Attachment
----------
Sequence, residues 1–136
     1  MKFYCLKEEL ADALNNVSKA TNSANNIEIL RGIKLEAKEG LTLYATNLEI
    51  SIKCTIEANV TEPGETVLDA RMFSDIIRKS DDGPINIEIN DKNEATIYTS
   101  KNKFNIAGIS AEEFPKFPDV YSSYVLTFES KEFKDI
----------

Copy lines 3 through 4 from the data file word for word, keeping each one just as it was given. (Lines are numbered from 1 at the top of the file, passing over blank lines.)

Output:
    51  SIKCTIEANV TEPGETVLDA RMFSDIIRKS DDGPINIEIN DKNEATIYTS
   101  KNKFNIAGIS AEEFPKFPDV YSSYVLTFES KEFKDI